Bhatt and Camerer of Cal Tech cover big topics in this paper - sucessful strategic thinking, self-referential thinking, social thinking, and neuroeconomics by carefully examining patterns of brain activation while college students played games and reflected on their experiences. Different experiments looked at the differences in patterns when individuals made choices, expressed their beliefs, and expressed what they thought others would do.
It turns out successful strategic thinking negatively correlated with insular activation. Insular activation, they suggest, was an indicator of too much self-preoccupation and emotional feeling. The insular is preferentially activated in situations like when a person is made to feel socially excluded (virtual game of 'catch', then the other subjects don't share the ball with you anymore -we'll talk about that one later). It looks like this study is a chapter from an upcoming book entitled "Games and Economic Behavior."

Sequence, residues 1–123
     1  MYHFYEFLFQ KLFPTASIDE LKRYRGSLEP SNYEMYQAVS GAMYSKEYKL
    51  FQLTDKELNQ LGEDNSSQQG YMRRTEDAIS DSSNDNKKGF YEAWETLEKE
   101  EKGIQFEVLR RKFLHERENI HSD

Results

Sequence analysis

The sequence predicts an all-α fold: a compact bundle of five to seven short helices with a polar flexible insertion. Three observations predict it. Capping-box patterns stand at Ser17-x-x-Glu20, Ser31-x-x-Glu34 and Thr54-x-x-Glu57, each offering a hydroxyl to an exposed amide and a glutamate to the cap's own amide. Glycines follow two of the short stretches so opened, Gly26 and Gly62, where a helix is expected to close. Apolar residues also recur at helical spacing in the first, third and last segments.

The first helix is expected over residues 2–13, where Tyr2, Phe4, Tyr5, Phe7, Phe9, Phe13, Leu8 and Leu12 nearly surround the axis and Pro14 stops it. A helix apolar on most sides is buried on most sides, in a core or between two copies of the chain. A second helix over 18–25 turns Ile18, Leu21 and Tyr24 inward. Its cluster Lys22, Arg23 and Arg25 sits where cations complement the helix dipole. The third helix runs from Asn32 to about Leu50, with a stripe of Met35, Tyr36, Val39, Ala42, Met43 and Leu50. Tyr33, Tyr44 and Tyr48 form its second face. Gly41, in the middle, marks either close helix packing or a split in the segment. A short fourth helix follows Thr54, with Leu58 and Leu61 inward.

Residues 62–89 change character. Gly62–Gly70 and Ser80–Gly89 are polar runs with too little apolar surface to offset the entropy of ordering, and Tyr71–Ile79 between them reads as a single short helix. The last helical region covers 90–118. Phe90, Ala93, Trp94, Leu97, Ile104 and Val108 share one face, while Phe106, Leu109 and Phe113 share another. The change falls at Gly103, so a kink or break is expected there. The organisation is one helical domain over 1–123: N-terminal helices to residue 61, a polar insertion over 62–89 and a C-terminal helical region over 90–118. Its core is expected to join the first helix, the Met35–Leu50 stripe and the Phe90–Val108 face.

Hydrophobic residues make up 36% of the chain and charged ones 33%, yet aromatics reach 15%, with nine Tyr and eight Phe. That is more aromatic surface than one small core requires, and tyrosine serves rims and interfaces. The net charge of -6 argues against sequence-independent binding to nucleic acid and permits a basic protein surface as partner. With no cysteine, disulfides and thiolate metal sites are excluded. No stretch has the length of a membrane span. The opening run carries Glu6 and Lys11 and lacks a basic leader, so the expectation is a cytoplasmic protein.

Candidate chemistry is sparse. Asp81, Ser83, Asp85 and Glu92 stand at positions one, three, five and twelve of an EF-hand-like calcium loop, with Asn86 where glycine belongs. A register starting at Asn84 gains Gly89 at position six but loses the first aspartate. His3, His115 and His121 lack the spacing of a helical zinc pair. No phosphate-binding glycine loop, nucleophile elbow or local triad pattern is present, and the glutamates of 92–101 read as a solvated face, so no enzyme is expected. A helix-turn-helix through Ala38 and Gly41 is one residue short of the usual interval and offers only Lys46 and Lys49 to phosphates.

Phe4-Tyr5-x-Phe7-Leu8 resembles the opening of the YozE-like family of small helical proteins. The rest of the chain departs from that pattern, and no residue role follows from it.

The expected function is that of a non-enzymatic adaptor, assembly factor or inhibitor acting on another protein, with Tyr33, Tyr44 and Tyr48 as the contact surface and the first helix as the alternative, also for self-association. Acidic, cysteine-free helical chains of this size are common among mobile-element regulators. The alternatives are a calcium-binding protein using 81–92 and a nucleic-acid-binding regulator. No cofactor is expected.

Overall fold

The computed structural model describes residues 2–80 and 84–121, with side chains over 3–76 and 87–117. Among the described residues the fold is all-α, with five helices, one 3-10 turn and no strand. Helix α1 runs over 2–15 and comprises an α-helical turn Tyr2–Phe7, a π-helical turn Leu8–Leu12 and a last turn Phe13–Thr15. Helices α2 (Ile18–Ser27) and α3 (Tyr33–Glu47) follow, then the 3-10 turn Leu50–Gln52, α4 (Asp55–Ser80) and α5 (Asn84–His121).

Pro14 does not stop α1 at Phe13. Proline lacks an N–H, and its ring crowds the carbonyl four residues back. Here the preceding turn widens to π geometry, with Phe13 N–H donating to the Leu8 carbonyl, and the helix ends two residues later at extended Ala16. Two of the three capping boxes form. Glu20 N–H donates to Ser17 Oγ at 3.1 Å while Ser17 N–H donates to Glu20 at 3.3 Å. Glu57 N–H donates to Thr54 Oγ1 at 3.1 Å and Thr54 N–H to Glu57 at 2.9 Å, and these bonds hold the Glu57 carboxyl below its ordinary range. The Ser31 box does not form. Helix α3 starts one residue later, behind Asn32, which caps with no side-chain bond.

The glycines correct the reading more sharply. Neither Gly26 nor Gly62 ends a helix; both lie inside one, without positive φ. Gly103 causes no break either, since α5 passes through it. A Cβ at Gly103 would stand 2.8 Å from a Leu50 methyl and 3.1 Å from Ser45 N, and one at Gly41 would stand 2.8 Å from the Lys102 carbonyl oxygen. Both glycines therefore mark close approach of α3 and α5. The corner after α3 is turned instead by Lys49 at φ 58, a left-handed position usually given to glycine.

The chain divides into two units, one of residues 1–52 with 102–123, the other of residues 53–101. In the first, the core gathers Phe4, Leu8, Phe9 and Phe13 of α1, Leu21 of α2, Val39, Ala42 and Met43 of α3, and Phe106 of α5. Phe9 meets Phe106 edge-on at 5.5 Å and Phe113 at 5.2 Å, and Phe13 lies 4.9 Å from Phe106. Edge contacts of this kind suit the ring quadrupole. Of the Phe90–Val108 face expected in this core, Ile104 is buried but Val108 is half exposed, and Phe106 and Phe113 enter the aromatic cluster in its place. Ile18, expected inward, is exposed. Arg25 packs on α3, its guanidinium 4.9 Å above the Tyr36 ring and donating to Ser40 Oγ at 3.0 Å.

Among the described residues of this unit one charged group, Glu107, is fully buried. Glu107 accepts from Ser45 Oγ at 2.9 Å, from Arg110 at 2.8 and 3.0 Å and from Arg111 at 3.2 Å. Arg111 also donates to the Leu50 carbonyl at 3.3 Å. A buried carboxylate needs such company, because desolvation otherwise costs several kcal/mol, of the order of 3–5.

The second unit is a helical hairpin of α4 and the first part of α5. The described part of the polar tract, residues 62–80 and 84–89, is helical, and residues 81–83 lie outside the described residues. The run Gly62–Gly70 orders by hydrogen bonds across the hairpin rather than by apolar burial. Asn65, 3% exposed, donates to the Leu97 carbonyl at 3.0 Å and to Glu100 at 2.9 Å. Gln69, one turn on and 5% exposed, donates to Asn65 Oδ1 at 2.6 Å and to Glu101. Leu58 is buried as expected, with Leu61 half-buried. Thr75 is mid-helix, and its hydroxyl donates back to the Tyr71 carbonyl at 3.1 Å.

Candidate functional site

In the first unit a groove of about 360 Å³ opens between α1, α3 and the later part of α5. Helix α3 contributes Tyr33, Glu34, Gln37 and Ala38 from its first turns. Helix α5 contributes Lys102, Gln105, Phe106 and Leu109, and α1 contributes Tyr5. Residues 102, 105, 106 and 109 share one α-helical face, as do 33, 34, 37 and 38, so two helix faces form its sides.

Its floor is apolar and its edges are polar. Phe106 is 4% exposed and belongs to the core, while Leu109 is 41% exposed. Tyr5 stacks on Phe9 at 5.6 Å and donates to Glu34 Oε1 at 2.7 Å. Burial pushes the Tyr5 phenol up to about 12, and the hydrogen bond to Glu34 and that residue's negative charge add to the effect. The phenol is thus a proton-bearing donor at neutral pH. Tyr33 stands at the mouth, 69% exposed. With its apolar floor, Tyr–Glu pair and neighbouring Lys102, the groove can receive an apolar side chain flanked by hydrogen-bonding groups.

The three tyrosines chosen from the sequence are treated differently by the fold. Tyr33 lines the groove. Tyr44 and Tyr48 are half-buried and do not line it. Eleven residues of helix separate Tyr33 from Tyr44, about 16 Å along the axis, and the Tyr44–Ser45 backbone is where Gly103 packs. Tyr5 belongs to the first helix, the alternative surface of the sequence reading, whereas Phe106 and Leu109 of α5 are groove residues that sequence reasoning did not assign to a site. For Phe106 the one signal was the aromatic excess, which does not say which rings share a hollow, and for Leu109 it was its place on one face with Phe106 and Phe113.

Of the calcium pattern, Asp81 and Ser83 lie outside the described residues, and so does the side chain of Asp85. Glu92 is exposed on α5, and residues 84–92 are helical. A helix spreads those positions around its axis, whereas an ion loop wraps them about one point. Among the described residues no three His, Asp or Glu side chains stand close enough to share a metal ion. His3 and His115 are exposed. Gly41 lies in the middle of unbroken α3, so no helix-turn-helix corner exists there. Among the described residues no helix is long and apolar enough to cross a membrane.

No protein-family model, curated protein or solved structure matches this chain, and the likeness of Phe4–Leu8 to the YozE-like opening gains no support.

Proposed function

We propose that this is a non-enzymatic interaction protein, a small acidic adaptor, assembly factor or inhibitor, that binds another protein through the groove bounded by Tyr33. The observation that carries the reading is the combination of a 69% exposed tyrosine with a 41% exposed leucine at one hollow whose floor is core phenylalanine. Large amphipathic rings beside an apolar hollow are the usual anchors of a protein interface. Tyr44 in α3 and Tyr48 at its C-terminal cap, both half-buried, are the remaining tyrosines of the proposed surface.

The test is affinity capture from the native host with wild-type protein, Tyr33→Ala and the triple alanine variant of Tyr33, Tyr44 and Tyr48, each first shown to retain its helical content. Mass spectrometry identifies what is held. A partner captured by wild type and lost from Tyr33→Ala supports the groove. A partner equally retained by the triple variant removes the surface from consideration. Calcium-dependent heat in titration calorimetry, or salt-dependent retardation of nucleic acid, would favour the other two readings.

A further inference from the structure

Here's a look at how not to look when you're playing to win.
The Mind in Games